ONE of the Borders oldest bridges will soon no longer be owned by Scottish Borders Council.
The local authority’s handling of the dilapidating Old Manor Brig near Peebles has been much criticised in the past and members of its executive committee have now agreed to hand it back to Wemyss and March Estate, along with nearly £90,000 to refurbish the B listed structure.
However, council officials believe they have struck a good deal, with a full refurbishment of the brig costing around £600,000.
Councillors also approved a stopping up order so that the route can no longer be used as a road, although traffic has not used the brig since 2009 due to safety fears.
A path agreement will mean members of the public can still walk or cycle over the popular River Tweed crossing.
Rob Dickson, director of environment and infrastructure at Newtown, told councillors: “This was an unusual report in that we are usually adopting roads, where this is, in fact, the reverse.
“It would be prohibitively expensive to fully refurbish this road.
“To spent £600,000 in the current financial position of the council would be unmanageable, particularly given the low volume of traffic the bridge has.
“This measure provides the estate with a safe structure for the foreseeable future.
“This is a practical solution and will allow the bridge to be retained for the public and estate.”
The brig was closed to traffic in February 2009, apart from pedestrians and light vehicles used by the estate. In the same year, SBC said the brig was “a very low priority” part of its network.
Suggestions to remove the brig were opposed by Wemyss and March, who described it as a “critical crossing point” for its operations.
Of four available options, the minimum action was agreed and temporary support works were erected. The move was criticised last year by members of Peebles Community Council, who said it had achieved nothing to maintain the decrepit bridge.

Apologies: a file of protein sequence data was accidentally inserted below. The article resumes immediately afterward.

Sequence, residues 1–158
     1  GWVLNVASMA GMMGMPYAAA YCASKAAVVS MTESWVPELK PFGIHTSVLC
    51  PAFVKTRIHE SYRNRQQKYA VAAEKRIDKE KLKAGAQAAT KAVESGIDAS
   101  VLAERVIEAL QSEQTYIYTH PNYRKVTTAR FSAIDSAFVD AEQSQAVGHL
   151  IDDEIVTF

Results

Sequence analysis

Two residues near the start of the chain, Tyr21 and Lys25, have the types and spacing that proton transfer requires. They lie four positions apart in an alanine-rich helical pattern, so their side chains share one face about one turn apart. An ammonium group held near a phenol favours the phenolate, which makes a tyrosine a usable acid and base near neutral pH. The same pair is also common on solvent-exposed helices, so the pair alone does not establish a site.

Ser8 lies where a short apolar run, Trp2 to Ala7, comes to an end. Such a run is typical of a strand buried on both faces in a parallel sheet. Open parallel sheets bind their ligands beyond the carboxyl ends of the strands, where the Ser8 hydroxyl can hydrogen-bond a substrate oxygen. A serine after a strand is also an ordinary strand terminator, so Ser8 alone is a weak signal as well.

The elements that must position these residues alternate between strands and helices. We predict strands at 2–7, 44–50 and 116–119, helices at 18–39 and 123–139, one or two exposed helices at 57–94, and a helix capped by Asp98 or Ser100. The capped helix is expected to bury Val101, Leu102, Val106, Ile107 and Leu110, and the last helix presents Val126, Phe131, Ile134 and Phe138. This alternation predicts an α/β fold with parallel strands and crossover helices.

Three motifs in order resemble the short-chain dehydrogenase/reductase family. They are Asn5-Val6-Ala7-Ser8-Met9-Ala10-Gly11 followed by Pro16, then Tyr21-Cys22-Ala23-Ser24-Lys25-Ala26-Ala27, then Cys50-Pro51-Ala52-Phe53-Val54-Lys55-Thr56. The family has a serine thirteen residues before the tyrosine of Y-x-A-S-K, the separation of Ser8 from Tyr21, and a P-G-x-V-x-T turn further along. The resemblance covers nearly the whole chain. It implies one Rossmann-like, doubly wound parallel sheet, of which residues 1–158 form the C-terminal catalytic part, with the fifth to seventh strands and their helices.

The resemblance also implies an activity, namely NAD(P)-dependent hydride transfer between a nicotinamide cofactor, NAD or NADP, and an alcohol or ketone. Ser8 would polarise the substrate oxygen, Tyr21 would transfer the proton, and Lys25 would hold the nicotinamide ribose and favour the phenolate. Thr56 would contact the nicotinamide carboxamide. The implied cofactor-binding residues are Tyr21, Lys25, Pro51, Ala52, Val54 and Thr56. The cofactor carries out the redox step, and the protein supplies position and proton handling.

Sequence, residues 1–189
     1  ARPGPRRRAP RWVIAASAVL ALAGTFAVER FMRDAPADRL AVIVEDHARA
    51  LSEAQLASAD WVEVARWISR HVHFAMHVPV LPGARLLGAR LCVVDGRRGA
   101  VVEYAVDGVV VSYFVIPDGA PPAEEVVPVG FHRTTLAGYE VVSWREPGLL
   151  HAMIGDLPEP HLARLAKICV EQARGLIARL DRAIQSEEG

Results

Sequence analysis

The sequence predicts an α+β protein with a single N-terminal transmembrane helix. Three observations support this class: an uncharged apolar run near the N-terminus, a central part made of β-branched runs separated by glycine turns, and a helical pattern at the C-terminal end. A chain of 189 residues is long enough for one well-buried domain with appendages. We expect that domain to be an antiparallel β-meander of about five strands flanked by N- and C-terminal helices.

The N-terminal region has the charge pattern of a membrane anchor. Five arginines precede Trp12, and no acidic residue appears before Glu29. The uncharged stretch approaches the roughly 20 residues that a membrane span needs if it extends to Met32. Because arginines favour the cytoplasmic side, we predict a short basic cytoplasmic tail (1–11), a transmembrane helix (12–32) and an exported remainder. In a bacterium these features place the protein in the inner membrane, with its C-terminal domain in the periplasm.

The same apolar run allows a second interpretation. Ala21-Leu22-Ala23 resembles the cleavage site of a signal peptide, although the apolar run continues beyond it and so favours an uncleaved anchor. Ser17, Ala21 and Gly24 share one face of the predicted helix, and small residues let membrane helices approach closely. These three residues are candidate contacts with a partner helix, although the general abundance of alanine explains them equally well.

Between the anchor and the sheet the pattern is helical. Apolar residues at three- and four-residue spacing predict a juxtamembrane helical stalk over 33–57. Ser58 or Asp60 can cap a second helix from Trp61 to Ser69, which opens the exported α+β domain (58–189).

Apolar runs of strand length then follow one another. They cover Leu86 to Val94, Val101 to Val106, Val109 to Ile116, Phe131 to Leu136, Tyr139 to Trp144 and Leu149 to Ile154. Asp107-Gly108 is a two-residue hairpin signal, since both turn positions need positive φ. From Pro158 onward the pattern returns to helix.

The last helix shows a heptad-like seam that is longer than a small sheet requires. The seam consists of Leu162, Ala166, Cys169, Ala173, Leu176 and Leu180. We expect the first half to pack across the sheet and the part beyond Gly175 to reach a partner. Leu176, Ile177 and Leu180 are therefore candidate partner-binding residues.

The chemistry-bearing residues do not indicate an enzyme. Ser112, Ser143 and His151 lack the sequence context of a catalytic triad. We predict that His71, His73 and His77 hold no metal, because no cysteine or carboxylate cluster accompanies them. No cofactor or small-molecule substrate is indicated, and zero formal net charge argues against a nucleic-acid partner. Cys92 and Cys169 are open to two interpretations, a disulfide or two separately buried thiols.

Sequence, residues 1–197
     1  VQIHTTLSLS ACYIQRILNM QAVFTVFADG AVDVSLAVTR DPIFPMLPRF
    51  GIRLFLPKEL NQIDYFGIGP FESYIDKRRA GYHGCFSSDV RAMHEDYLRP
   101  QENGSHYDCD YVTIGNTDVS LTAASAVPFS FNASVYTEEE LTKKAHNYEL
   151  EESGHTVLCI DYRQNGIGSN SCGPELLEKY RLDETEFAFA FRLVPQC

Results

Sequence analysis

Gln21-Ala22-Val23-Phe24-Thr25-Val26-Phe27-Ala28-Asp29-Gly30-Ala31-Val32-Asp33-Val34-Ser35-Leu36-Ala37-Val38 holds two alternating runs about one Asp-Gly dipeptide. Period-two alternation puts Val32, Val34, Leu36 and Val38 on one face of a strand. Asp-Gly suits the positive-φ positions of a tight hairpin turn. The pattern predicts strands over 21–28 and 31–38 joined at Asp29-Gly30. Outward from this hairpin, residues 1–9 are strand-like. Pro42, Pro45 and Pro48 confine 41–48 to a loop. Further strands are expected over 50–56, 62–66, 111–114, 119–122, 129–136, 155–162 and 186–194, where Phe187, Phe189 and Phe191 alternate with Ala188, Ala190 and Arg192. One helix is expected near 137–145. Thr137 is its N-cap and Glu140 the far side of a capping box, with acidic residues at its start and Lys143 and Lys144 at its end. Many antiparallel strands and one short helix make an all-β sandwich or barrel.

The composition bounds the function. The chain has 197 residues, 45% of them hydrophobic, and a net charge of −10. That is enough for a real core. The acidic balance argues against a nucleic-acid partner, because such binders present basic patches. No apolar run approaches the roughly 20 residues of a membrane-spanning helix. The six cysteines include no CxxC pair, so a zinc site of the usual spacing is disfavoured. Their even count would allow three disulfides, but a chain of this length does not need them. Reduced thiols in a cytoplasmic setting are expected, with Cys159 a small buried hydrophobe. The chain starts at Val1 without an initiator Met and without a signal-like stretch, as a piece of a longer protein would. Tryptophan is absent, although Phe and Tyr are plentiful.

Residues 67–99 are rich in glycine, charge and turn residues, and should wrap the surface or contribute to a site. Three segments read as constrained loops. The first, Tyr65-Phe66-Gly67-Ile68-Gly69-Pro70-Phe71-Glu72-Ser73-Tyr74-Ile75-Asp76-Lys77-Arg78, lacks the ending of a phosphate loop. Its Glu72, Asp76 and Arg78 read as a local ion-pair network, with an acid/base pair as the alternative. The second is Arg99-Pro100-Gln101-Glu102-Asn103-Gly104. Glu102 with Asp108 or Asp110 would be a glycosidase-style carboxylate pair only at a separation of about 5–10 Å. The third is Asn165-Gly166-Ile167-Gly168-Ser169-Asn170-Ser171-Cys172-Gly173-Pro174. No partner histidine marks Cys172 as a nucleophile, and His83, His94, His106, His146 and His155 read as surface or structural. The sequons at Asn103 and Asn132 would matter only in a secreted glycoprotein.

Applications to the Heritage Lottery Fund and through the Scottish Rural Development Programme were unsuccessful, with Historic Scotland not deeming the brig significant enough to be made a priority.
Talks began between SBC and Wemyss and March regarding the estate taking over the brig and a report in February concluded that work was badly needed before the end of 2012.
Councillors were told leaving the brig as it is would likely mean it would be out of use within a few years, which in turn would force SBC to consider erecting a new pathway at a cost of £100,000 which would be of no use to Wemyss and March’s vehicles.
Although councillors have agreed to back the settlement, the Longniddry-based estate is yet to fully sign up to the deal. TheSouthern was unable to speak to anyone from Wemyss and March as we went to press.
Executive member for roads and infrastructure, Gordon Edgar, described the agreement as a good solution.
He added: “For a number of years there have been discussions and proposals about how to save the bridge.
“Now the responsibility will fall to the estate and they will repair the bridge to their standard for their use.
“It will also allow members of the public to use the bridge for recreational purposes.” Local councillor Catriona Bhatia said: “This has been an ongoing issue for some time.
“I have never heard a complaint about vehicle access but people have been very concerned that it is kept for recreational use.
“This is a very good solution and hopefully it will get the support of the people of Manor and Peebles.”
Old Manor Brig was designed by William Duke of Queensberry and built by his second son the Earl of March, in 1702.
It is estimated that the bridge sees 20,000 uses per year by walkers and cyclists.